by Bob Taylor, STRI’s head of ecology and environment
This month we are celebrating British hedgehog week in support of our friends at the British Hedgehog Preservation Trust, one of our Golf Environment Awards partners. So, I thought it would be appropriate to consider this enigmatic mammal a little further.
Hedgehogs are an emotive flagship species that are declining due to overtidying in the countryside, which can result in a fragmented, or even a total loss of habitat. All of us working within golf know just how easy it is to get drawn into overtidying, and often we don’t recognise we are doing it at all.
For example, my partner used to remove leaves during winter, but has since stopped as she now understands the many insects, spiders and other creatures that so depend upon them.
Hedgehogs are no different, and they collect leaves as they are falling to create a safe place in which to hibernate during winter. They may also use the base of hollowing trees too, we found two last year curled up together in a wintering hidey-hole during one of our ecology visits.
Hedgehogs have always been closely associated with humans, and we have given them other common names in different parts of the UK. In Fife names like ‘erchin’ have been used, in Somerset ‘hedgepig’ used to be common, others may be ‘porcupig’ ‘pricky-back’ or even that colossus of 20th century literature ‘Mrs Tiggy-winkle’.
This year, after a terrible winter, I saw two squashed hedgehogs on a nearby road, and one dead in a canal. It is difficult to stop deaths on the road, but in canals could there not be mammal ladders at intervals of say 150mm?
This little hog would have swum back and forth trying to find an escape only to become exhausted and drown. On your golf course do you have steep sided ponds or ditches? How do snakes, hedgehogs, or other creatures get out if fallen in? Could you place dead wood in the bank sides at intervals, or ladders to allow their escape?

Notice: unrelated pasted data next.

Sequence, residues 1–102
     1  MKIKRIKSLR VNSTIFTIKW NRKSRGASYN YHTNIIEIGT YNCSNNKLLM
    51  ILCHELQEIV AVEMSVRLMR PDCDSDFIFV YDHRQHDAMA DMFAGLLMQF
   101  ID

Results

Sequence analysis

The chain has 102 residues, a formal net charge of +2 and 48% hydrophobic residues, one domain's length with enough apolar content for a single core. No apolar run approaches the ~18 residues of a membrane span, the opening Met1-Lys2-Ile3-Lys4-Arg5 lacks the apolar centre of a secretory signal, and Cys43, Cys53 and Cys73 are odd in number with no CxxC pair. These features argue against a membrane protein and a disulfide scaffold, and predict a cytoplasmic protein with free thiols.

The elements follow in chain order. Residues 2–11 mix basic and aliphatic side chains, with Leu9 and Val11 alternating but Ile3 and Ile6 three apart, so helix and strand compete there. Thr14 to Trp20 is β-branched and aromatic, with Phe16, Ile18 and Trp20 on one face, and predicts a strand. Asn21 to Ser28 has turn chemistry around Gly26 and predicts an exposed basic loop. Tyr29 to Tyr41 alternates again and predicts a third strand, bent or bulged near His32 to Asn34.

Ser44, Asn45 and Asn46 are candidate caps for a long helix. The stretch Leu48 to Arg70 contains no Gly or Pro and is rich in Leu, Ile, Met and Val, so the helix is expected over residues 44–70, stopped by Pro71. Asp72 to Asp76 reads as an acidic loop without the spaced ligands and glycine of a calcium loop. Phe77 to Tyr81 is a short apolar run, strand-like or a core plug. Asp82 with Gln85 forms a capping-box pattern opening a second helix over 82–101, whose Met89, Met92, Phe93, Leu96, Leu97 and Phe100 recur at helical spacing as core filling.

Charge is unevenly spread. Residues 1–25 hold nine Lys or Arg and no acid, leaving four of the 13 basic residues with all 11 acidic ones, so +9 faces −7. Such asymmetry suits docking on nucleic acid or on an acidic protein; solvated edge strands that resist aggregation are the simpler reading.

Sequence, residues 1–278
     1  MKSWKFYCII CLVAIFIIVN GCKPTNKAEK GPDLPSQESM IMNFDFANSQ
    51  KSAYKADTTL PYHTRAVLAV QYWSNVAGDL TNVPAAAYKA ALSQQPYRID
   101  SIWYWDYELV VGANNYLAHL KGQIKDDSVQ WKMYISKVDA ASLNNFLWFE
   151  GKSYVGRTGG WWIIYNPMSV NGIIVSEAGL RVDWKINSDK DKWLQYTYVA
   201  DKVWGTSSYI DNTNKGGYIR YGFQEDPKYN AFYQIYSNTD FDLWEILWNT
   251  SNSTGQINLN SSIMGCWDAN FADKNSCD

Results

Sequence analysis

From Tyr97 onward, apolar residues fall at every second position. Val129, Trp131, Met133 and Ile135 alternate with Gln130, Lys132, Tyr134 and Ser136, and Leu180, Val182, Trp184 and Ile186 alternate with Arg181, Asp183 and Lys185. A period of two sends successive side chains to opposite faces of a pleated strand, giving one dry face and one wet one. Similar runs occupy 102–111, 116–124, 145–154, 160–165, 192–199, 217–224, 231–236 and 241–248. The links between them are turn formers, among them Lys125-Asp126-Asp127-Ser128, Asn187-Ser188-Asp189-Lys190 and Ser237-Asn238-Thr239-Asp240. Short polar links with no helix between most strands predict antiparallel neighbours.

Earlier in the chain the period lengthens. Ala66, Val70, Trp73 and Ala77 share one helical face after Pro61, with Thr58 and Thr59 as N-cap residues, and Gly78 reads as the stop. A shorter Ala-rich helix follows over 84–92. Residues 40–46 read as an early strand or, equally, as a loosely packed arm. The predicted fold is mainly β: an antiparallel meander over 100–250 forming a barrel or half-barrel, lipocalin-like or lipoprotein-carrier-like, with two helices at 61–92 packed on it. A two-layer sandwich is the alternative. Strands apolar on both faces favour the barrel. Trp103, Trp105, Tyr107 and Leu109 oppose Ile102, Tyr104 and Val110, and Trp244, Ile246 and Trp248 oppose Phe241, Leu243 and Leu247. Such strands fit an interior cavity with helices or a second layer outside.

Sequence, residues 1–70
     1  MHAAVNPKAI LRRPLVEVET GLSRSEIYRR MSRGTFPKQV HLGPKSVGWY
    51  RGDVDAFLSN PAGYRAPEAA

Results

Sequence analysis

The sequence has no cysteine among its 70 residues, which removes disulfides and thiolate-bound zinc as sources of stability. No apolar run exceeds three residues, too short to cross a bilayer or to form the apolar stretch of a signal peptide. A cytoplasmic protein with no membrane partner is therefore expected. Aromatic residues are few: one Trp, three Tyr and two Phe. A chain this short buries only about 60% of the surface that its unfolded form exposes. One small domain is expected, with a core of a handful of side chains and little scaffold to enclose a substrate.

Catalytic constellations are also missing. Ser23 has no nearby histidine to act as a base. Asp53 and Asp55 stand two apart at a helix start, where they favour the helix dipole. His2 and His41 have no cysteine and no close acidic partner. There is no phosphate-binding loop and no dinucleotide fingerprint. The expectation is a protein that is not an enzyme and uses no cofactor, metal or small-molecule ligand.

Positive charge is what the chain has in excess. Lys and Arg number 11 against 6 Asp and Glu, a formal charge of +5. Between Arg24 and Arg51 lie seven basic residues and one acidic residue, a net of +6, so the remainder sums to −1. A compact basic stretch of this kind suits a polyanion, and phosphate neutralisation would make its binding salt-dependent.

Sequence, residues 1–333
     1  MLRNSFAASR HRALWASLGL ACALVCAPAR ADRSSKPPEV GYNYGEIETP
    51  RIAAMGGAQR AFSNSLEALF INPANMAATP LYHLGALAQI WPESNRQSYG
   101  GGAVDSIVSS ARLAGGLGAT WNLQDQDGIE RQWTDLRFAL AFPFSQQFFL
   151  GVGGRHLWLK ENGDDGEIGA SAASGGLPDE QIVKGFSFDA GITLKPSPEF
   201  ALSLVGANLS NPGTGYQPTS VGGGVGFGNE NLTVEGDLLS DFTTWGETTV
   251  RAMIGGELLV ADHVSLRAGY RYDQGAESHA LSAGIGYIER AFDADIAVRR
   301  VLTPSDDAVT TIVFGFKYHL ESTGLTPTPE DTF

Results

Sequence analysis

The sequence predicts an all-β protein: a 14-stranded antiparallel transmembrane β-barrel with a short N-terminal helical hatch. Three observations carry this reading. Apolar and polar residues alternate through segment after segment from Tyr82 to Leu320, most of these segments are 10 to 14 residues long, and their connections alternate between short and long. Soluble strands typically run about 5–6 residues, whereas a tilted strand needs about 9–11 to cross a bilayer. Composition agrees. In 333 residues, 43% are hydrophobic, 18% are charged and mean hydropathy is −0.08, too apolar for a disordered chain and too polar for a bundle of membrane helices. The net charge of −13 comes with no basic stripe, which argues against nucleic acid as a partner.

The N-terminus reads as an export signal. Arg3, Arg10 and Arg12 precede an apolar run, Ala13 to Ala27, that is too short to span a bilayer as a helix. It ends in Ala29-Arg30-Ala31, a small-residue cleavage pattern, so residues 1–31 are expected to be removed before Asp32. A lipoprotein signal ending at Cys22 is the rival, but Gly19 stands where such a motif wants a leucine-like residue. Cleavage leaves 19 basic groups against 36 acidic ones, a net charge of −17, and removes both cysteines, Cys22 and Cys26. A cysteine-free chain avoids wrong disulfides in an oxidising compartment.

Electric fences are a big problem for hedgehogs. They will walk under and through fences which if electrified will cause them to curl up and eventually die of electrocution. All that is needed to stop this happening is to ensure that the first run of wire is installed at a minimum of 150mm above ground level.
Hedgehogs can also become trapped in excavated pits, but this can be prevented by filling them in, or covering them at the end of each working day until works are completed. Hedgehogs can also become trapped in pipes, so make sure they are stored responsibly.
Interestingly, many hedgehogs do appear to be evolving to run away from danger rather than curling up, although still too many rely on the tried and tested method of curl up and hope for the best.
Hedgehogs are sadly subject to their own natural disease pressures. It is important to remember that hogs will eat anything, and small insect’s such as beetles, could have chemical residues on them.
A hedgehog will eat 20 an hour and hundreds in a week. This could have a cumulative effect which, if stored in fat, may manifest in winter whilst they are hibernating and cause health issues.
There are few natural enemies, but cars are a problem, and fencing or creating limitations to travel will also impact their movement.
It is important to try to retain as much corridor habitat as you can by way of natural rough, i.e. leaves, dead wood, and longer rough grassland managed without cutting.
Golf is fast becoming recognised for its positive role in the landscape, and if we remember to maintain connected habitat patches, we can ensure free flow of movement across the course and out into areas of the wider countryside.
If we can remember not to overtidy, create hedgerows, retain hollow trees but retain dead trees, and minimise use of chemicals, then at least on our golf courses the hedgehogs future seems fairly secure.
- Don’t overtidy, instead leave areas in which animals can safely hibernate.
- Create escape routes in steep sided ponds and ditches.
- If you have electric fences, ensure that the first run of wire is installed at a minimum of 150mm above ground level.
- Fill in or cover excavated pits.
- Store pipes responsibly.
- Apply chemicals with care.
- Open up areas on the course to create wildlife corridors.
- Use grassland management techniques, rather than cutting.
The Golf Environment Awards are developing a calendar and all proceeds from the sales will go to the Hedgehog Preservation Trust.
We are looking for some brilliant pictures from golf courses within the UK, so if you have any good snaps, post them on social media using the hashtag #GEAcalendar or email them to firstname.lastname@example.org, stating which month they were taken.
Hopefully we will be able to get the calendar up and running for the benefit of our declining hedgehog populations.